In this week’s episode, Lady Phyll discusses the importance of inclusive education 💫
BY ELEANOR NOYCE, IMAGES COURTESY OF PHYLL OPOKU-GYIMAH
Exciting news, DIVAs! Co-Founder of UK Black Pride and Executive Director of Kaleidoscope Trust Phyll Opoku-Gyimah, also known as DIVA fave Lady Phyll, has collaborated with LGBTQI charity Just Like Us on an exciting new podcast, Growing Up LGBT+. Doesn’t that sound great?
Lady Phyll has long been a champion of LGBTQI rights, specifically focusing on Black lesbian visibility, so this is a watershed moment. Working to empower young people, Just Like Us exist to champion LGBTQI equality. Founded in 2016, the charity runs The Ambassador Programme, Pride Groups and School Diversity Week to train volunteers, educators and school staff respectively to champion LGBTQI education.
With 85% of LGBTQI young people perceiving homophobic remarks and one in four experiencing daily tensions at home, Just Like Us recognise the barriers that LGBTQI students continue to face.
In this week’s episode, Lady Phyll discusses her family life, the importance of inclusive education, and how representation continues to shape the LGBTQI community. On the importance of recognising queer elders, she reflects: “I always talk about the shoulders of giants that I stand on because they’re the ones that actually paved the way – people like Veronica McKenzie, Femi Otitoju who was the first Black lesbian woman to head up and work on the London Lesbian and Gay Switchboard”.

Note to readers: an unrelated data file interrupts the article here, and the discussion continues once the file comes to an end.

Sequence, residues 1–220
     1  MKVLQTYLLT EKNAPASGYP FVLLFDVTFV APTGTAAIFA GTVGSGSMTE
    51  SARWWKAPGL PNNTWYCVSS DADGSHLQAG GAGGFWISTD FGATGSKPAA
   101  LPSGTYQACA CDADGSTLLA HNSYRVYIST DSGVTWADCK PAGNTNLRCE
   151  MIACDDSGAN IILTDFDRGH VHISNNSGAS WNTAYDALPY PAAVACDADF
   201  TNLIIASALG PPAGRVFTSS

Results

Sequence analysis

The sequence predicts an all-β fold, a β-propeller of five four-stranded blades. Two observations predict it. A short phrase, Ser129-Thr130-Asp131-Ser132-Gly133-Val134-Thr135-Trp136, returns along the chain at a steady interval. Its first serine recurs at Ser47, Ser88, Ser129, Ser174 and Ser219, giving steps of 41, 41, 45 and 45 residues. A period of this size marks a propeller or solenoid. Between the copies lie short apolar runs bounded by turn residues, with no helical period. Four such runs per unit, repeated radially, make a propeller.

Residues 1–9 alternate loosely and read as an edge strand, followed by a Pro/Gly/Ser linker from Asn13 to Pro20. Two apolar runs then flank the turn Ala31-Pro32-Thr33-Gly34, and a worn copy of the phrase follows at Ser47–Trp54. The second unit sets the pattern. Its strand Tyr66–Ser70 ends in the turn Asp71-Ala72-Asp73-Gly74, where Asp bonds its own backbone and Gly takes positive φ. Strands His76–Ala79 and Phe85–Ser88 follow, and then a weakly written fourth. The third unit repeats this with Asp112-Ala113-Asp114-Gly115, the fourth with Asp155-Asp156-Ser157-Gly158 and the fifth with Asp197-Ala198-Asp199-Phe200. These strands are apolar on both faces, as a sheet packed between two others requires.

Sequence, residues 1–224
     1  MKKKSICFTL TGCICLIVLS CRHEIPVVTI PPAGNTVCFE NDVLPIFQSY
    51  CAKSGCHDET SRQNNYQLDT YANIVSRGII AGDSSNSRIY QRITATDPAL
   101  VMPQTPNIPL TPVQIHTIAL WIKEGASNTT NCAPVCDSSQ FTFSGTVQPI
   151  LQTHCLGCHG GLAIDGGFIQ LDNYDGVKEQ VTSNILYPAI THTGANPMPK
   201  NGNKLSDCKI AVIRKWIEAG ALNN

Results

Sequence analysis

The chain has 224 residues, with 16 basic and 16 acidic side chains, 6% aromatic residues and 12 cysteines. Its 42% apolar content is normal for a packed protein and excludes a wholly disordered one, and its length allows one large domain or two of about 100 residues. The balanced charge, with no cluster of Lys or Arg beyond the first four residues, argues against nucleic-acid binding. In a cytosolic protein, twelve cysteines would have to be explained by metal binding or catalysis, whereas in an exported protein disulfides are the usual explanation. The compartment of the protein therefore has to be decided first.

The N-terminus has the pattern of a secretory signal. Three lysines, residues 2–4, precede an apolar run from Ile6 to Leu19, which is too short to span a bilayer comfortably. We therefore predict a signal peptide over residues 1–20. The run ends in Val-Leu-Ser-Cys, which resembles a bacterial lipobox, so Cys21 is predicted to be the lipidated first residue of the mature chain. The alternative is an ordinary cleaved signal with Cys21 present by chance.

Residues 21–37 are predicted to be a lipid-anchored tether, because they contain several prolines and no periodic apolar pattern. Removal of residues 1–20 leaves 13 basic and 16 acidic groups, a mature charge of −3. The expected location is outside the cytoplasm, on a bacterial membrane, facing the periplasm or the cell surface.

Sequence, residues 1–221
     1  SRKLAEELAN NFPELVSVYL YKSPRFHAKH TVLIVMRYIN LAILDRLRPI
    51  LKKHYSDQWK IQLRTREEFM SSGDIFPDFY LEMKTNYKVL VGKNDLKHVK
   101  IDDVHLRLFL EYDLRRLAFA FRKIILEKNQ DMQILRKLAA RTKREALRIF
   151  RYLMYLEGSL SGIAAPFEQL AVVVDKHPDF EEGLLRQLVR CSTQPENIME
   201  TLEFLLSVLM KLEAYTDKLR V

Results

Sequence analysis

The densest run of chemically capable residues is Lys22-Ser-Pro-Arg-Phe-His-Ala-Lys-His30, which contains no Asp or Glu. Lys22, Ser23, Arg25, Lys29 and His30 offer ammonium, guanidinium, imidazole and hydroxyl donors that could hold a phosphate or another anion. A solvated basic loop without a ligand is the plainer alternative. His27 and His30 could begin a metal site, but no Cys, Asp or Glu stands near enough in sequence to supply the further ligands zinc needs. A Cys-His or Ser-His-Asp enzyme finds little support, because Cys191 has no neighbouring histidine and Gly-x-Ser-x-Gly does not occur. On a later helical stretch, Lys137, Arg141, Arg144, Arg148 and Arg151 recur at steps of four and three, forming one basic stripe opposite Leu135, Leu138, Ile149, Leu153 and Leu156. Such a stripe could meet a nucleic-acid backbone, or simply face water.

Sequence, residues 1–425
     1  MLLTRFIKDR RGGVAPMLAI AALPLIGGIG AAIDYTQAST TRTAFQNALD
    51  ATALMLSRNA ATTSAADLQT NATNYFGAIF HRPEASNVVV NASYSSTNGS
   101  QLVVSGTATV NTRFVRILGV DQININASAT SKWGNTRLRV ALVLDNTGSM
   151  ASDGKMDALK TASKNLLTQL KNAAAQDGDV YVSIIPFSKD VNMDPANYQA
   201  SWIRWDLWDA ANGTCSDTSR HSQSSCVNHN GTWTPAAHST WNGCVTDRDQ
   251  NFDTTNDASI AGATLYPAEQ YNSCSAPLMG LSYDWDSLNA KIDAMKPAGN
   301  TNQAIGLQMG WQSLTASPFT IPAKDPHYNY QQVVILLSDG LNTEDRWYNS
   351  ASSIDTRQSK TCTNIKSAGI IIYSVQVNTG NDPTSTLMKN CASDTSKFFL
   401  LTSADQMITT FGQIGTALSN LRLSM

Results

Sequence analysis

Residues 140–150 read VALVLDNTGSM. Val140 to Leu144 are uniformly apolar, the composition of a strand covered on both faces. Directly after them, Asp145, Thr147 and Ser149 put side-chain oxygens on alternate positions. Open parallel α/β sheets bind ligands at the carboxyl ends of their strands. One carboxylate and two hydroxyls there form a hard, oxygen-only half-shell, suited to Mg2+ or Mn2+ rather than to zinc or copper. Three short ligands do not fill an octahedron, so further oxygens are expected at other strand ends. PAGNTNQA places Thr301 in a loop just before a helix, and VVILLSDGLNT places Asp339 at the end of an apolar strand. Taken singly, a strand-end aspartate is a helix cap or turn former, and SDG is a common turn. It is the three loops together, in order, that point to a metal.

“When the media presents what representation looks like and it doesn’t look like us, you don’t see these people who have been doing the groundwork for many, many years. You only see what is an ideal standard of beauty or acceptance in media,” she continues. “That’s why I love the work that you do – it’s so important that the next generation feel that they are able to have these conversations and have some of these very nuanced conversations, and help educate and teach us – it’s not just about us going in and talking about our lived experiences”.
If you’re as big a fan of Lady Phyll and Just Like Us’ work as we are, make sure to keep up with the Growing Up LGBT+ podcast on Spotify. Interested in becoming more involved? If you’re aged 18-25 and identify as LGBTQI, why not consider joining the Just Like Us Ambassador Programme to champion LGBTQI education in schools? Everybody say: equality!
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